Divorcee wins major prize for poems about her break-up

Divorce|January 15th 2013

People divorce, of course, for different reasons. For many, the end comes via nothing more dramatic than a rueful realisation that that things just aren’t working out. Still a sad and disappointing event, of course, but something most can move on from.

Being betrayed by a partner you still love – or at least one you loved until the moment of discovery – is far worse. Discovering that the person you married and perhaps had children with has been unfaithful or wants to leave you for someone else is always a shock, and one that can leave your emotions jangling for years. If it was a long marriage the upheaval will be all the greater.

Sharon Olds had just that experience. Now 70, he split from her husband of 30 years 15 years ago after he announced that he was leaving her for another woman. She began to record her experiences and emotions in a series of poems.

Those poems was published last year in a collection called Stag’s Leap and to considerable critical acclaim, with plaudits appearing in the New Statesman, the Guardian, the Sunday Telegraph and the Observer. And now the collection has won the TS Eliot Prize, one of the most prestigious awards open to UK and Irish poets.

Like TS Eliot himself, Olds is an American, from San Francisco. In Stag’s Leap she takes the reader through the entire breakup the marriage, from the moment her husband made his announcement, via feelings of grief and loss, right through to acceptance and the discovery of a new strength. This is a journey many a divorcee has taken, of course, but few have managed to capture this painful evolution in fiery poetry.

In an oblique tribute to the poems’ power perhaps, her two children made her promise that she would not publish anything about the breakup for ten whole ten years.

Now 15 years on, publication has apparently brought her a well-deserved feeling of closure. According to the Mail, Olds told a recent interviewer:

“Something did shift. Definitely, yes – there was a sense of completion.”

Reading extracts from her work, I have the impression of a brave women, steadily carving the raw emotions of separation and divorce into something intricate and moving.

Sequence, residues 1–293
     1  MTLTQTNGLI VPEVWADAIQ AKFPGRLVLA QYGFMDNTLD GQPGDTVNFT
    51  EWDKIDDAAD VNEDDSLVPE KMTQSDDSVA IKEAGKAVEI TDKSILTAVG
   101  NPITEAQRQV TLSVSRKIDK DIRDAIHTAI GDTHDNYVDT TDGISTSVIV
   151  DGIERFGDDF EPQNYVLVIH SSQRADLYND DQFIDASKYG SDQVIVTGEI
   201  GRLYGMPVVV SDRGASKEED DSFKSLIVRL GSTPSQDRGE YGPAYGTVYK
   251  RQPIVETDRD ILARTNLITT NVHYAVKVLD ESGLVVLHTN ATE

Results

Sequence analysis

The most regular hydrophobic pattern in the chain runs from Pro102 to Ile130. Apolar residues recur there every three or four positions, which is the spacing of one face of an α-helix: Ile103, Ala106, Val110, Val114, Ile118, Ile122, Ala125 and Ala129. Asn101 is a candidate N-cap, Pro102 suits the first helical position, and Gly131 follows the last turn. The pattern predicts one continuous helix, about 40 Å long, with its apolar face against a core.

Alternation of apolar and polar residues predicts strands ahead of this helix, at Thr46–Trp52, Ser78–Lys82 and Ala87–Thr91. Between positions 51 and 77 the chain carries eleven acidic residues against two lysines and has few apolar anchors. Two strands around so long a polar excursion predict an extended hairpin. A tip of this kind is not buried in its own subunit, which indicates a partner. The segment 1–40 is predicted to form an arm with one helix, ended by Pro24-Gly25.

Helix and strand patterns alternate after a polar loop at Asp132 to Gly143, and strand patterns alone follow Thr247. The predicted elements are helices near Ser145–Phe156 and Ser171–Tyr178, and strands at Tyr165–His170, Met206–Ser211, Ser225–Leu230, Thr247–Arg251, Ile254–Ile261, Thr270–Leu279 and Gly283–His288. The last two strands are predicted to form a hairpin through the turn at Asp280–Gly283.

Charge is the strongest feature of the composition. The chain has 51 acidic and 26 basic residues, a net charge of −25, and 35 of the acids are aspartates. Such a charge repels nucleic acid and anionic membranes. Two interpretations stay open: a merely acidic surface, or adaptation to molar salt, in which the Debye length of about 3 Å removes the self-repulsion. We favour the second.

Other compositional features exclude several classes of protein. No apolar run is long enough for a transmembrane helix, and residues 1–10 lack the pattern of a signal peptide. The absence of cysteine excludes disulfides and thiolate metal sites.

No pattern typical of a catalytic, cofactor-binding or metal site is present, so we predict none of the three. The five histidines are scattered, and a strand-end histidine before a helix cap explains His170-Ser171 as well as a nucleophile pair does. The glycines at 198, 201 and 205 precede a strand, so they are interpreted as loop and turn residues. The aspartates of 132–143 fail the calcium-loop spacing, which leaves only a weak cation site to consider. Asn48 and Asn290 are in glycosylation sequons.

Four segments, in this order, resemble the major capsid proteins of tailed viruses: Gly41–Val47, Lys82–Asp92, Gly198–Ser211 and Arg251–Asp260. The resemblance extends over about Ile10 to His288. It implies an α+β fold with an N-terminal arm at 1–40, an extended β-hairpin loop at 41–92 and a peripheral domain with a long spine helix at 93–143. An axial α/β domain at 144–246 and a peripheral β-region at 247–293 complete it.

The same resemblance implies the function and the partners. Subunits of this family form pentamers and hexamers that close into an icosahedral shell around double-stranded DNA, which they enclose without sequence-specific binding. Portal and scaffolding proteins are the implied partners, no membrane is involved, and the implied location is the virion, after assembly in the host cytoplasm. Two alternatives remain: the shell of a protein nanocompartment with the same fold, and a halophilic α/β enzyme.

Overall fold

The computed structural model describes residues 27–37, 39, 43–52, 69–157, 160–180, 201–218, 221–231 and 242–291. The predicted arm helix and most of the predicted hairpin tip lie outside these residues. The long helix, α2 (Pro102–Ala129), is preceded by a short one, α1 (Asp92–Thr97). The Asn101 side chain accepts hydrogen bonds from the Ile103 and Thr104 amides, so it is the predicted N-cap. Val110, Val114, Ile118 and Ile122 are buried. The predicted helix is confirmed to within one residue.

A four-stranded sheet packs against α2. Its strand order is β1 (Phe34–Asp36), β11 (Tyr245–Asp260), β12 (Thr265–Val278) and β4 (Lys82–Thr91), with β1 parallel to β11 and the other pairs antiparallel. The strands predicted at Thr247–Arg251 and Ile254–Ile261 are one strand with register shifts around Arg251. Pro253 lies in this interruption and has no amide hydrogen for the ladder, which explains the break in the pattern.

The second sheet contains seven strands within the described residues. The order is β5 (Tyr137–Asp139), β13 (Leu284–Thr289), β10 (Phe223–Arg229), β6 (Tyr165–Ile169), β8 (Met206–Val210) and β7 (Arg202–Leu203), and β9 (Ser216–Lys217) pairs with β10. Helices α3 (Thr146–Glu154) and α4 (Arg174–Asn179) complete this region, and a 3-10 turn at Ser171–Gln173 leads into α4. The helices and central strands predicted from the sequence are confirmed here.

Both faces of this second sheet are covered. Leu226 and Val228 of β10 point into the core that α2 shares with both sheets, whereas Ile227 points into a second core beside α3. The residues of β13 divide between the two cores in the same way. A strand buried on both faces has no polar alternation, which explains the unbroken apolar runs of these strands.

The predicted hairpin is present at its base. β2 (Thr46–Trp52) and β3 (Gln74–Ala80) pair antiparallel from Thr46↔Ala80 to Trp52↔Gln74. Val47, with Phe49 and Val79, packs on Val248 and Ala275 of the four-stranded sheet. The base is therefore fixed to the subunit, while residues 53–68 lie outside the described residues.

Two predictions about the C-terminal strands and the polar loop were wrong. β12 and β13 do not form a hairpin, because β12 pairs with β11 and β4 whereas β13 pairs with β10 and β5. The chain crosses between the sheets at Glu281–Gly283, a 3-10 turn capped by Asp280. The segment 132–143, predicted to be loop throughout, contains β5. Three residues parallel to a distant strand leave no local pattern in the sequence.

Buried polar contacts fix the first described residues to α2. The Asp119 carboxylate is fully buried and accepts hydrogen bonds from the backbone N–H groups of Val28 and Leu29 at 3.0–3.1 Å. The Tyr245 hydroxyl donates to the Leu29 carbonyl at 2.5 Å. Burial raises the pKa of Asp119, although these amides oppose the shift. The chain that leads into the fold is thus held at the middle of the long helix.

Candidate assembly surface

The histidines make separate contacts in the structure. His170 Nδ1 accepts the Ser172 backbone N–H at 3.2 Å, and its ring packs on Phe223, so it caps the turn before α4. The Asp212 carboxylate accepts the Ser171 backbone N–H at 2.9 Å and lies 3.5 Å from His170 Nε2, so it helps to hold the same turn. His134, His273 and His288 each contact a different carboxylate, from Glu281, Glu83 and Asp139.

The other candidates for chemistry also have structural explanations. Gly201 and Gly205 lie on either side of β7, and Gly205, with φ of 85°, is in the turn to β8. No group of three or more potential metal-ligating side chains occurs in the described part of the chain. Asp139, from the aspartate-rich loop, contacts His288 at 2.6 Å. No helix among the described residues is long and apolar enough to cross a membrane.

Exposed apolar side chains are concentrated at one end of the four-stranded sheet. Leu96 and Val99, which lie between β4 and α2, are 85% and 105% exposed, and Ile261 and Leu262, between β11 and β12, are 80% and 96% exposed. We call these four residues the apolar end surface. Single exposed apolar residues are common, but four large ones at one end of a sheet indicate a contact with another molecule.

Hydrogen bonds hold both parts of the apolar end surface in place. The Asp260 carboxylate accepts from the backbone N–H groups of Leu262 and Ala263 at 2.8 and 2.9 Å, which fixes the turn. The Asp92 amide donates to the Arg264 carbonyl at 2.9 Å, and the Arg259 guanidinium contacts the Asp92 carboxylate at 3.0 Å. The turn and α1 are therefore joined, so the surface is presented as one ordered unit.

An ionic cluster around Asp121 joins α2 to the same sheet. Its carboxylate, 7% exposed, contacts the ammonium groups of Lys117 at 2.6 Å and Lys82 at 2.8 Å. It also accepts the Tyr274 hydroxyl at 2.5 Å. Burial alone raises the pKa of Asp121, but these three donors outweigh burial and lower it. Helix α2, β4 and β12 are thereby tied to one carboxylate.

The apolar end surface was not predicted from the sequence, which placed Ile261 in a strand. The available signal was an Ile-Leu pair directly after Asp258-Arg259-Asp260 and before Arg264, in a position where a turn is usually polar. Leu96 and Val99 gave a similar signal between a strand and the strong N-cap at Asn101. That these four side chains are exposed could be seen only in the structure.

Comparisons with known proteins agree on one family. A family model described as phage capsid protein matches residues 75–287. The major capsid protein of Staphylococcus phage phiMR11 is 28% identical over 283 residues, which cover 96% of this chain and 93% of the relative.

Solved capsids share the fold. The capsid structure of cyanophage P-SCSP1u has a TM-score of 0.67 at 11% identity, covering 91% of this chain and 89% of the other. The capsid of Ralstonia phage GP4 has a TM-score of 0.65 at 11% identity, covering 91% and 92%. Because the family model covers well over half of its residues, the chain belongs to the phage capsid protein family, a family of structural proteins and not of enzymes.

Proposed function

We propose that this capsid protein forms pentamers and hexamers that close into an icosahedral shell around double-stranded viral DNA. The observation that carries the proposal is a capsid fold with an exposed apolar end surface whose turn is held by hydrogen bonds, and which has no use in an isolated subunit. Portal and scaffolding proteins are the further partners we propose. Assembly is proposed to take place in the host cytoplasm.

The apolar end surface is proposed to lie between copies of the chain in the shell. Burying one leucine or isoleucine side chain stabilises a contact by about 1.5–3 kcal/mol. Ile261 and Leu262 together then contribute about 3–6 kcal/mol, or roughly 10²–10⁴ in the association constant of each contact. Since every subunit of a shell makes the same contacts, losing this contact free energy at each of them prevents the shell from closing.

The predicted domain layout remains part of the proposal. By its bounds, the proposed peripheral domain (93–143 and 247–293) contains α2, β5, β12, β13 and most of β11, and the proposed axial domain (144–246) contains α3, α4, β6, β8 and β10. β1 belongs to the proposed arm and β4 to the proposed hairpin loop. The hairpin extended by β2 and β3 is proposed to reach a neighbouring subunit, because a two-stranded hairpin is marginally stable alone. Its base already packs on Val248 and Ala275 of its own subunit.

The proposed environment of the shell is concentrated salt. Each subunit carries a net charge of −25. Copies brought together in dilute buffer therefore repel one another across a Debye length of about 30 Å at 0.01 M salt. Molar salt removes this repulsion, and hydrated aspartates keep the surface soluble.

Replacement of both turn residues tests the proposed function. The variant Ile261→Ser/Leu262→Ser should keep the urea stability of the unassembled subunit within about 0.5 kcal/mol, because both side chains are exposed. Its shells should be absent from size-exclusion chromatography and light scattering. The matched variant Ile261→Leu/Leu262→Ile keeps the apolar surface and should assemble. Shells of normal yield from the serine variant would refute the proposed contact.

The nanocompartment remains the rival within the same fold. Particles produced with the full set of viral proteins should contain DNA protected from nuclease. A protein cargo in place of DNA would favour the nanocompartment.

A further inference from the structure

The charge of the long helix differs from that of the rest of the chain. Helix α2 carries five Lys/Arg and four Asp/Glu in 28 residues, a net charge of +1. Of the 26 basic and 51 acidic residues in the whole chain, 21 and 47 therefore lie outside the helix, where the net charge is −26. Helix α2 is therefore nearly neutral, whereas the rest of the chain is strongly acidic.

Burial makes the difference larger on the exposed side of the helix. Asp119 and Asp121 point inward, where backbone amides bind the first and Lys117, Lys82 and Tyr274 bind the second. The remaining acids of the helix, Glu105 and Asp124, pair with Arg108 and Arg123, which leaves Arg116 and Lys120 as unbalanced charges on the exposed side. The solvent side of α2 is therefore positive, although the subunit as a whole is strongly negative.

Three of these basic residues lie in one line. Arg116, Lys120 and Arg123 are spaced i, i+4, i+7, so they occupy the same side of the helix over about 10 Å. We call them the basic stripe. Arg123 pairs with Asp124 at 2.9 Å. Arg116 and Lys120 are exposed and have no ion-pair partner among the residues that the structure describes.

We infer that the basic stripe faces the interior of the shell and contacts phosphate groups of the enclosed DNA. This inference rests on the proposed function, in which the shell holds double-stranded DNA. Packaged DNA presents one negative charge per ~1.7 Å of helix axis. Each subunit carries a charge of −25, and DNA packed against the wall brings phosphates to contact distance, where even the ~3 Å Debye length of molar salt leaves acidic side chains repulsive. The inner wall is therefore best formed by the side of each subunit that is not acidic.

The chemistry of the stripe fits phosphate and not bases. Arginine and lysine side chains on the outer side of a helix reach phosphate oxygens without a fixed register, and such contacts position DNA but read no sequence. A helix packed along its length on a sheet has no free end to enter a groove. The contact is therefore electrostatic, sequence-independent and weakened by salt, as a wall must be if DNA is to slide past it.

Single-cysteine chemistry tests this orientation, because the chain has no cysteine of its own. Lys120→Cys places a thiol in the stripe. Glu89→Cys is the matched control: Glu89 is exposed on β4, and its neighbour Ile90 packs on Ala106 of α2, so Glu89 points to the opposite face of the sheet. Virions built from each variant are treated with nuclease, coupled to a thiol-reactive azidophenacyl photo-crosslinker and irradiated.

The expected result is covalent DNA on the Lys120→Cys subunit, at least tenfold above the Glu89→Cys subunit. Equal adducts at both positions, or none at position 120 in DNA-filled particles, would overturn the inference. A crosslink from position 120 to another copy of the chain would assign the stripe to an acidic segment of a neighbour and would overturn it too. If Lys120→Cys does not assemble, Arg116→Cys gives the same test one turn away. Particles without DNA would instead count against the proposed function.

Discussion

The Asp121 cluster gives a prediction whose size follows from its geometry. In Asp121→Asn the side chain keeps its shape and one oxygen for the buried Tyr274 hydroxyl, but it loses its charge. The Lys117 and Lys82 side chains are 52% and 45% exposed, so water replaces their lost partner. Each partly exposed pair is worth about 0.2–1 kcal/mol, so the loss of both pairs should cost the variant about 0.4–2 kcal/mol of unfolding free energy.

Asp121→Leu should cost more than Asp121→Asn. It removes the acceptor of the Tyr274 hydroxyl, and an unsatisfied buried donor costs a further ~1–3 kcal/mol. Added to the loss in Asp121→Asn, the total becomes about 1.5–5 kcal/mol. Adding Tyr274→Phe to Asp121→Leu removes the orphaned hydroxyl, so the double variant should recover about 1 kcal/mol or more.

The Mail report features an extract from a poem called Unspeakable. Anyone who has been through the upheavals of an unhappy divorce will be able to recognise themselves in such lines as:

“I want to ask my
almost-no-longer husband what it’s like to not
love, but he does not want to talk about it,
he wants a stillness at the end of it…..

I want to say to him, now, What
was it like, to love me – when you looked at me,
what did you see? When he loved me, I looked
out at the world as if from inside
a profound dwelling, like a burrow, or a well…”

And in the title poem of the collection, she reaches a whole other level of acceptance and profundity:

“When anyone escapes, my heart
leaps up. Even when it’s I who am escaped from,
I am half on the side of the leaver.”

(Stag’s Leap is published by Jonathan Cape)

Of course, writing poetry is not for everyone but the perspectives provided by poets can help the rest of us look at things in a different way and perhaps reach our own sense of acceptance and resolution.

Photo by Harri Haataja via Flickr under a Creative Commons licence

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Comments(4)

  1. JamesB says:

    I just wanted to say that you made a very good and empathetic point on the being left for another person point. We should have enormous sympathy and respect for people who have been treated like that. A point which many (including the law) forget.

  2. JamesB says:

    One day I hope to read a post of you empathising with a man paying child support for a woman to move in with her lover while not seeing his children though. Then you would be seen as even handed and not just empathising with women.

  3. JamesB says:

    I did not mean the last comment to sound as it did and wasn’t really meant as a public criticism, just friendly advice really.

  4. JamesB says:

    The empathy on this subject seems to go from the professionals to the women, and not the men was my point.

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